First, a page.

free booknotes online

Help / FAQ

printable study guide online download notes summary

<- Previous Page | First Page | Next Page ->
Free Barron's Booknotes-A Streetcar Named Desire by Tennessee Williams
Table of Contents | Message Board | Printable Version | MonkeyNotes


The following are themes of A Streetcar Named Desire.


One of Blanche's impassioned speeches to Stella depicts Stanley as an ape. It's true, there is something apelike about him. You see his primitive qualities from the first moment of the play, when he comes home lugging a package of bloody meat.

Stay alert throughout the play for many allusions to the subhuman quality of life in Elysian Fields. Sometimes the place is described as a jungle. Shrieks and groans pierce the hot, humid air. Mitch is described as a bear, the women are called "hens." Stanley and Stella emit "low, animal moans."

Blanche is the only champion for civilization in the play. "Don't hang back with the brutes!" she tells Stella. What conclusion can be drawn from the fact that the brutes ultimately destroy her? Are Blanche's values useless in a savage world? --


Loneliness is a fearful plague. Look at what it's done to Blanche. Bereft after her husband's suicide, she became a prostitute to fill her emptiness. She molests young boys and has constructed a web of pretense to delude herself and others that she is charming and sociable. She invents tales about her gentleman friend Shep Huntleigh. Whether he's a real or an imaginary person isn't important. He is real enough to comfort Blanche and to keep hope alive that someday she'll be rescued from loneliness.

The pain of loneliness brings Blanche and Mitch together. No doubt Blanche prefers men of another stripe, but rather than remain a lonely spinster for the rest of her life, she's willing to put up with him. Mitch, too, hopes to find a woman to replace his mother, who will soon die.


When most of us glance back to the past, we wear rose-colored glasses, and if the present is bleak, the past appears still rosier. In Streetcar, hardly a character is immune from visions of a beautiful past.

Blanche's manner and way of speaking suggest the sort of past she has lodged in her memory. You'd think she grew up in grandeur and gentility of the Old South, at least until you hear her tell Stella the history of Belle Reve's decline. Why does Stella recall the white-columned plantation with fondness? Would she have left the place at an early age if life there had been so attractive? The name Belle Reve (beautiful dream) indicates, perhaps, that both Blanche and Stella believe in an illusion.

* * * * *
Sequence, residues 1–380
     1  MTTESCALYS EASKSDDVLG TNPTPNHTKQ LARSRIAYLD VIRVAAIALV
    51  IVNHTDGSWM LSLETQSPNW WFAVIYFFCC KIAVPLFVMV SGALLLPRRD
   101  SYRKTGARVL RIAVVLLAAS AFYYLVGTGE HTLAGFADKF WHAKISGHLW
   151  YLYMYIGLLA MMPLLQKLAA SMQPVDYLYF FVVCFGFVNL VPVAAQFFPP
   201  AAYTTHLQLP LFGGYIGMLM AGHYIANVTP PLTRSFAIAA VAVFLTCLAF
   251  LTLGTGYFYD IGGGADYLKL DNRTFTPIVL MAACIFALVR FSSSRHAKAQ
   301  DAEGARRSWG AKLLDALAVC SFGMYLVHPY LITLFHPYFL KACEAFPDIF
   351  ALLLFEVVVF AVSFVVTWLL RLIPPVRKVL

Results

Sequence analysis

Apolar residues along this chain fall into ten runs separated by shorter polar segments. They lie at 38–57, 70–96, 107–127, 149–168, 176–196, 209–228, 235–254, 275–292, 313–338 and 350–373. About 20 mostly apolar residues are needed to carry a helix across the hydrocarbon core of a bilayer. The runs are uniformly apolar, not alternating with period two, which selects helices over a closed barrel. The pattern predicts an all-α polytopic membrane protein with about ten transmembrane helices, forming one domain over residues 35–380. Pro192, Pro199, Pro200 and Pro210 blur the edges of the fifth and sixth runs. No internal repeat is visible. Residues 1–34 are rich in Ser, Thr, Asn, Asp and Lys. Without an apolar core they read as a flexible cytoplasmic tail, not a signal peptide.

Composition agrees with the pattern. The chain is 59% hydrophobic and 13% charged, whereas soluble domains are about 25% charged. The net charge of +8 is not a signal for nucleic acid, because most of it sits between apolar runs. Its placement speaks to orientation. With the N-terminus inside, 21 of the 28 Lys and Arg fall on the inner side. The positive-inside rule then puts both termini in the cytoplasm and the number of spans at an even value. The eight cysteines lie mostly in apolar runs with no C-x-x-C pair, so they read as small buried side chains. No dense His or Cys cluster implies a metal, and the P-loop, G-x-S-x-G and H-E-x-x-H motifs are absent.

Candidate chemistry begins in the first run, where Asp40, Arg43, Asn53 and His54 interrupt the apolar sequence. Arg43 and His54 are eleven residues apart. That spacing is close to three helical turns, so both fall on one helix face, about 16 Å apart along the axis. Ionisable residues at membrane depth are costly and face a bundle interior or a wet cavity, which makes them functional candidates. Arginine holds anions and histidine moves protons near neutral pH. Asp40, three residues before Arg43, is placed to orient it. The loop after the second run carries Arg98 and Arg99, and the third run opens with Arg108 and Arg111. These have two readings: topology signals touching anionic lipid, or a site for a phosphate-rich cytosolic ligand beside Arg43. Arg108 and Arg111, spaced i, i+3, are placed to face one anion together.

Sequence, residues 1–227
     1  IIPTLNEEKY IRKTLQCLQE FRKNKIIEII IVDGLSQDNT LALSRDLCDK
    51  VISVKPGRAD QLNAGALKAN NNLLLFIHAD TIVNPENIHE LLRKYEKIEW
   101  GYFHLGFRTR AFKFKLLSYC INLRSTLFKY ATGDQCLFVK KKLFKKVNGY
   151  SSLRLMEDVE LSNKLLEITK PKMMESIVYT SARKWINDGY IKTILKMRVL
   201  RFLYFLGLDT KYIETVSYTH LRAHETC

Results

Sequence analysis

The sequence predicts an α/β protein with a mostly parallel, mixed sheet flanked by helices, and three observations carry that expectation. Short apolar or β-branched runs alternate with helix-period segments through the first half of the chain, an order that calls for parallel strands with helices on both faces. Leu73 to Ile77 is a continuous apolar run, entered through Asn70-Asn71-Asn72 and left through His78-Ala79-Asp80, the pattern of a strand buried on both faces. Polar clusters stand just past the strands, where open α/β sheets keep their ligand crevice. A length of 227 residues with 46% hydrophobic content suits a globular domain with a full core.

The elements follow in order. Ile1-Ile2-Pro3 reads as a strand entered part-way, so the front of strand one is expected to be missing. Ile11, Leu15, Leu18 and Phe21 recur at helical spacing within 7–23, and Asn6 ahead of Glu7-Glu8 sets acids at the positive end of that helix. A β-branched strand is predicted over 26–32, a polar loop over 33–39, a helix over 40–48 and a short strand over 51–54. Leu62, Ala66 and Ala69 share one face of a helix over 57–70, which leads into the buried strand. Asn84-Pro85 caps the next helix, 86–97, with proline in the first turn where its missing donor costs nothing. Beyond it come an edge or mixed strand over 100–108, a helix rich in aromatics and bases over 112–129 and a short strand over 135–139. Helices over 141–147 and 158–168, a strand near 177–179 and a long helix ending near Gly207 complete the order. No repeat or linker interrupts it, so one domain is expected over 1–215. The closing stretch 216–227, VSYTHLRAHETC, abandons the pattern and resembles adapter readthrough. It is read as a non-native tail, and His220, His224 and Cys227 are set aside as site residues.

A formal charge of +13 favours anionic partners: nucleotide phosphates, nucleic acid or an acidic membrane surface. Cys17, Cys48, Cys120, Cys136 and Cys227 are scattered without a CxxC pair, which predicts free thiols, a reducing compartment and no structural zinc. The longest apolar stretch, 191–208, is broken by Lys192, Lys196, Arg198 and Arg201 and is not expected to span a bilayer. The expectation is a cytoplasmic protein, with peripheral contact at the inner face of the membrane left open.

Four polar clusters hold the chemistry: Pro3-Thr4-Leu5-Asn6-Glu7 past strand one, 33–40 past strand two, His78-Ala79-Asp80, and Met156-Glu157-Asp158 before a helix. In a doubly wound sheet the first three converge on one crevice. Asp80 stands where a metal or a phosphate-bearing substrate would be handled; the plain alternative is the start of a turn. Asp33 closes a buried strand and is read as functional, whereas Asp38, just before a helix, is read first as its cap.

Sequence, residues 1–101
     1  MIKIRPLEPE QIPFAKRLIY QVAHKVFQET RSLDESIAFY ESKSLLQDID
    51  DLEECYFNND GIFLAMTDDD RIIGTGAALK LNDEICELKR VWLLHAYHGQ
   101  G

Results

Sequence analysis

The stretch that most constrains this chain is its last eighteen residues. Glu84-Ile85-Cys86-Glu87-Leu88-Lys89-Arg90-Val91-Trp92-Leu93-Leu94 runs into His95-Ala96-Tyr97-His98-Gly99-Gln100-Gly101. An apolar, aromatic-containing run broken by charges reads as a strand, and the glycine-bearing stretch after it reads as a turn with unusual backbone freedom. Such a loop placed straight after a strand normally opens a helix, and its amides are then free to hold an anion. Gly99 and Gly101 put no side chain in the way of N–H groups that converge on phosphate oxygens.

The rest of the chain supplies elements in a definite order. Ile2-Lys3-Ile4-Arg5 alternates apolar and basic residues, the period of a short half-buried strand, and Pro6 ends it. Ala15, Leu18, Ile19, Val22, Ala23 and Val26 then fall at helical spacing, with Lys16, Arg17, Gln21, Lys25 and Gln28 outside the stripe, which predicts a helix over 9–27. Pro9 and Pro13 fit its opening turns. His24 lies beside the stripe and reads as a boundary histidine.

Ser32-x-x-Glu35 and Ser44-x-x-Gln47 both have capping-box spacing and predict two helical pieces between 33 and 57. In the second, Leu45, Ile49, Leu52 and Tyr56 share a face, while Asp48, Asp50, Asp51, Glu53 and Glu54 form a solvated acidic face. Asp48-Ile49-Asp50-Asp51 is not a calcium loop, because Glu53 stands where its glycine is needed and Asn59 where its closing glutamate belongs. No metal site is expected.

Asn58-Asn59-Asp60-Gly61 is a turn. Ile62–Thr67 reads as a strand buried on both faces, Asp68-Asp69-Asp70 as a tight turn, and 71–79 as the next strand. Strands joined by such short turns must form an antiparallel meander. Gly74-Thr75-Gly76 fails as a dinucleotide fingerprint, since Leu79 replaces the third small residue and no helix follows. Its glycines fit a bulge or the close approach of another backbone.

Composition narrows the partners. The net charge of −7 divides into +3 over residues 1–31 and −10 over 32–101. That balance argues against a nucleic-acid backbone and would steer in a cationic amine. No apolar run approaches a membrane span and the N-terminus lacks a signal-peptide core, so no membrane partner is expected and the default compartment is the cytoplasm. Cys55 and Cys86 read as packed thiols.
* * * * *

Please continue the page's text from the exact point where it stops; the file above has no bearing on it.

In symbolic terms, the conflict between Stanley and Blanche pits reality against illusion. What is reality? To Stanley reality is what you can touch and see. Stanley feels right at home in reality-that is, among real people, the kind who act natural and who say what they think and feel. Since a human is an animal, according to Stanley he ought to act like one. To put on airs, to deny one's instincts, to hide one's feelings-those are dishonest acts.

No wonder Blanche rejects reality in favor of illusion. Reality has treated her unkindly. Too much truthfulness destroyed her marriage. Taking refuge in dreams and illusions, therefore, she plays a perpetual game of let's pretend. She says what ought to be true, not what is true.

Stanley can't tolerate idealists like Blanche. What she calls "magic" Stanley calls "lies." Losing her way altogether at the end of the play, Blanche can no longer distinguish illusion from reality. So she goes to an asylum, the only place where that distinction doesn't make any difference.


The proverbial conflict between males and females has often been termed the "battle of the sexes." Sexual hostilities rage throughout the play. On one side you have Blanche, who is a veteran of considerable sexual give and take. She lures the newspaper boy into her arms, but thinks the better of it, and frees him after only one kiss. She wins Mitch's affection but claims "high ideals" to keep him at a distance. When Mitch discovers that he's been hoodwinked, he attempts to rape her. Blanche wards off the attack like a seasoned warrior.

Only Stanley is unconquerable. He sees right through Blanche's sexual pretenses. At the end of his war with Blanche, he rapes her, proving that in sexual combat, he is the winner and still champion.

Table of Contents | Message Board | Printable Version | MonkeyNotes

<- Previous Page | First Page | Next Page ->
Free Barron's Booknotes-A Streetcar Named Desire by Tennessee Williams

  Web Search Our Message Boards   

All Contents Copyright ©
All rights reserved. Further Distribution Is Strictly Prohibited.

About Us
 | Advertising | Contact Us | Privacy Policy | Home Page
This page was last updated: 5/9/2017 8:52:04 AM